Generic Programming in C++: Techniques

David Abrahams and Douglas Gregor

Table of Contents

   Introduction
   Concepts
   Algorithms
   Traits
   Tag Dispatching
   Arbitrary Overloading
   Adaptors
   Concept Checking
   Archetypes

Introduction

C++ has can support Generic Programming very well through its template system, but to fully express the ideas of Generic Programming in C++ one must use a variety of template techniques. This document describes many of these techniques, which are used by nearly all generic libraries written in C++.

Concepts

Concepts have no direct representation in C++, so they are represented only within the documentation for a generic library. The documentation for the SGI Standard Template Library established the de facto standard for documenting concepts, which we briefly describe here. Concepts are documented as a set of requirements consisting of valid expressions, associated types, invariants, and complexity guarantees.

  • Valid Expressions are C++ expressions which must compile successfully for the objects involved in the expression to be considered models of the concept.
  • Associated Types are types that are related to the modeling type in that they participate in one or more of the valid expressions. Typically associated types can be accessed either through typedefs nested within a class definition for the modeling type, or they are accessed through a traits class.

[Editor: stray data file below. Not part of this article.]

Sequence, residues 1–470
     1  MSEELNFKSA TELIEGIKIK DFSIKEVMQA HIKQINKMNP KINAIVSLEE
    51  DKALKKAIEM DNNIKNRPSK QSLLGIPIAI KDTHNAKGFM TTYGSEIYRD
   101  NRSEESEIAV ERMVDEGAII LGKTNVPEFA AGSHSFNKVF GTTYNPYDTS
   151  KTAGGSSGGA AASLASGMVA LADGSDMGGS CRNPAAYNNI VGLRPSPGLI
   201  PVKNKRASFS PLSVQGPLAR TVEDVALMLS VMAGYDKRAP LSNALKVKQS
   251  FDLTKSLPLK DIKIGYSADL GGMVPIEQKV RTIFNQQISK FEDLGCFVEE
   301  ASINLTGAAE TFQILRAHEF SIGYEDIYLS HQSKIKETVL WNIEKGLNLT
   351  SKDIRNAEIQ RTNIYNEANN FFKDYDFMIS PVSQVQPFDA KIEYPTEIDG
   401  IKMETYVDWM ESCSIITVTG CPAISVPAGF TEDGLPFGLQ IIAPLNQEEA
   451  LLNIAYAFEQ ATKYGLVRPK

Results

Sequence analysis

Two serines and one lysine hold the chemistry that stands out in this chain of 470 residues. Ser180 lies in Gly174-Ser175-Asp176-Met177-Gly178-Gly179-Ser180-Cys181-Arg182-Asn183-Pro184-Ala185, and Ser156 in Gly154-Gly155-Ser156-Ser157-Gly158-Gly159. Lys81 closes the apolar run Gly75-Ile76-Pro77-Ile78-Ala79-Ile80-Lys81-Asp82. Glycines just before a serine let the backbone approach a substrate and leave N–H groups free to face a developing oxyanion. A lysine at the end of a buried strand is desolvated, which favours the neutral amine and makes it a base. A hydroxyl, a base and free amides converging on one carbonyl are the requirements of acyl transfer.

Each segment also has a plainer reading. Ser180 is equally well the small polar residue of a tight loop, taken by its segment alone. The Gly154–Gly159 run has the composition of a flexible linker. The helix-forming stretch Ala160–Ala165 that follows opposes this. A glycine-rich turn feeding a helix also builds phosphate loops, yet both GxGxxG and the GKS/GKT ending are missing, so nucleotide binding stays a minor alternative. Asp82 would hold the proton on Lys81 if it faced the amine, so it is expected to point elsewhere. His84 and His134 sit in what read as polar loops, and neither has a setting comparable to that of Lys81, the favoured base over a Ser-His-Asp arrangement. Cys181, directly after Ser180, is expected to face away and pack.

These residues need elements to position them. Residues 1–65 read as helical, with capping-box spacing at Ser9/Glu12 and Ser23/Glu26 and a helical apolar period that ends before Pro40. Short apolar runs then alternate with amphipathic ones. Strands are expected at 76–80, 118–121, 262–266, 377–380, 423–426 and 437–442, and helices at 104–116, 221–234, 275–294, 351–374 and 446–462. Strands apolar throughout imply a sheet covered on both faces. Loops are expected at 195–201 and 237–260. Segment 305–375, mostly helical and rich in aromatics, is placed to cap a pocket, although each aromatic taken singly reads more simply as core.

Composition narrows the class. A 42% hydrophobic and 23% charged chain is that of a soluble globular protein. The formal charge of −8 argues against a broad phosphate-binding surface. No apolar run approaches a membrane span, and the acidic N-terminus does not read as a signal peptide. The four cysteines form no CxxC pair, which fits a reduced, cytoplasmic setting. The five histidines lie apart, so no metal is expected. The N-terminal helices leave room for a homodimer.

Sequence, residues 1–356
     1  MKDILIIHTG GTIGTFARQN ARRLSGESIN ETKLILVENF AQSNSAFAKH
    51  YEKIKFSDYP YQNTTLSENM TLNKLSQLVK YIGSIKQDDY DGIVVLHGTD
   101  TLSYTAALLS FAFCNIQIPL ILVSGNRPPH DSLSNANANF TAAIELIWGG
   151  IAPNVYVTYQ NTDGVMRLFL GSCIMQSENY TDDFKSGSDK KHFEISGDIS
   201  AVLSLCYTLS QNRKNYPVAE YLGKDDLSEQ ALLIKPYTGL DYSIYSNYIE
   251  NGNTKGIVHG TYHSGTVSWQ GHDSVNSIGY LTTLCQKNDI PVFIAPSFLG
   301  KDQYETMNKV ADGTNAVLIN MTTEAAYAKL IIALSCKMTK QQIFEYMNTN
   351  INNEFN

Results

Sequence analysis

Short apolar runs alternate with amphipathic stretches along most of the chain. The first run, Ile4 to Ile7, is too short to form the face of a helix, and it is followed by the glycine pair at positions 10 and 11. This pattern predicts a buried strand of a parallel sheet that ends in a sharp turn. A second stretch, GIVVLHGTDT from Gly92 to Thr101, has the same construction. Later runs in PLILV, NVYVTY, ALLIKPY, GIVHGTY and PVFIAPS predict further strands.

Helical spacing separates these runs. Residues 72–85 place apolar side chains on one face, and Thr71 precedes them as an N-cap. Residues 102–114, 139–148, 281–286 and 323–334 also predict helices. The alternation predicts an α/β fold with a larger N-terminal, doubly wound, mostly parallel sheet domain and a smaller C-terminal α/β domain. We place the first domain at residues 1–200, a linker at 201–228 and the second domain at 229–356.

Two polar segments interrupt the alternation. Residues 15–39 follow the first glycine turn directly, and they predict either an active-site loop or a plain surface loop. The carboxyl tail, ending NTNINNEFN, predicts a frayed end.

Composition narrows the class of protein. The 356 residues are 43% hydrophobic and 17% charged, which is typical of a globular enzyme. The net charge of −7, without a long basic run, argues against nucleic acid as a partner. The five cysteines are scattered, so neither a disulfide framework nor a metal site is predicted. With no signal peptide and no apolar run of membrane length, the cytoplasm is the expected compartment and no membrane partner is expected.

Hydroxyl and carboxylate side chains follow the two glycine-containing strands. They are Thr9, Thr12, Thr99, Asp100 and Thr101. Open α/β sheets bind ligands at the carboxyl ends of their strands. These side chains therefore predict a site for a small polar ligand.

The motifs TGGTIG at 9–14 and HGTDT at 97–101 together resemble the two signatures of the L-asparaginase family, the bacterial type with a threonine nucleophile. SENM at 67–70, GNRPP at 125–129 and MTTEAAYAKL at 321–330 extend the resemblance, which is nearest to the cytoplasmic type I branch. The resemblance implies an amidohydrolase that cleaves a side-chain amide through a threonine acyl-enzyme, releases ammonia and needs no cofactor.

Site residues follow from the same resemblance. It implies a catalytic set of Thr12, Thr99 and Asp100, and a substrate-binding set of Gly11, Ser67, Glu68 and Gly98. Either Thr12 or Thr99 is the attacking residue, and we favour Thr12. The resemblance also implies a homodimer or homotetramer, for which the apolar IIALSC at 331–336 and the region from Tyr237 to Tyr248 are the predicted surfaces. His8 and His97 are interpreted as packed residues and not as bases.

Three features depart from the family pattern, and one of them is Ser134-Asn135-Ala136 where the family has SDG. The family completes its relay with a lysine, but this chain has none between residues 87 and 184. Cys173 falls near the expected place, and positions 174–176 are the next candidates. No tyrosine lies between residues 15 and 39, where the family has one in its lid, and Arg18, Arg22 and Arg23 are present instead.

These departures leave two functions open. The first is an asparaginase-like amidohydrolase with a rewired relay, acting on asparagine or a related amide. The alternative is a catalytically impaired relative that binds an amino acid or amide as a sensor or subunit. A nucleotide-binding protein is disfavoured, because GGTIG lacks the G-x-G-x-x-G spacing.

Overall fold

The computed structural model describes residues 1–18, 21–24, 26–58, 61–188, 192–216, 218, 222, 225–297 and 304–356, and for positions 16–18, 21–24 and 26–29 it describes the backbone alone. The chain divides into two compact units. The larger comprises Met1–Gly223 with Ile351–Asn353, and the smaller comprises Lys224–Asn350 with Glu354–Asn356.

• Invariants are run-time characteristics of the objects that must always be true, that is, the functions involving the objects must preserve these characteristics. The invariants often take the form of pre-conditions and post-conditions.
  • Complexity Guarantees are maximum limits on how long the execution of one of the valid expressions will take, or how much of various resources its computation will use.

There is a wealth of concept documentation available online. Links to many concepts, most of them written in the style of the SGI STL documentation, are provided in a separate document of concept examples.

Algorithms

Generic algorithms in C++ are written using C++ templates. Although C++ templates do not provide much type checking at the point of definition, they are type-safe at the point of instantiation and offer uncompromising performance. As a convention, templates document their concept requirements by naming template parameters after the concepts they model. For instance, an implementation of the STL accumulate() algorithm follows:

template<typename InputIterator, typename T>
T accumulate(InputIterator first, InputIterator last, T init) {
  for (first != last; ++first)
    init = init + *first;
  return init;
}

Traits

A traits class provides a way of associating information with a compile-time entity (a type, integral constant, or address). For example, the class template std::iterator_traits<T> looks something like this:

template <class Iterator>
struct iterator_traits {
  typedef ... iterator_category;
  typedef ... value_type;
  typedef ... difference_type;
  typedef ... pointer;
  typedef ... reference;
};

The traits' value_type gives generic code the type which the iterator is "pointing at", while the iterator_category can be used to select more efficient algorithms depending on the iterator's capabilities.

A key feature of traits templates is that they're non-intrusive: they allow us to associate information with arbitrary types, including built-in types and types defined in third-party libraries, thereby enabling retroactive modeling. Normally, traits are specified for a particular type by (partially) specializing the traits template.

For an in-depth description of std::iterator_traits, see this page provided by SGI. Another very different expression of the traits idiom in the standard is std::numeric_limits<T> which provides constants describing the range and capabilities of numeric types.

Tag Dispatching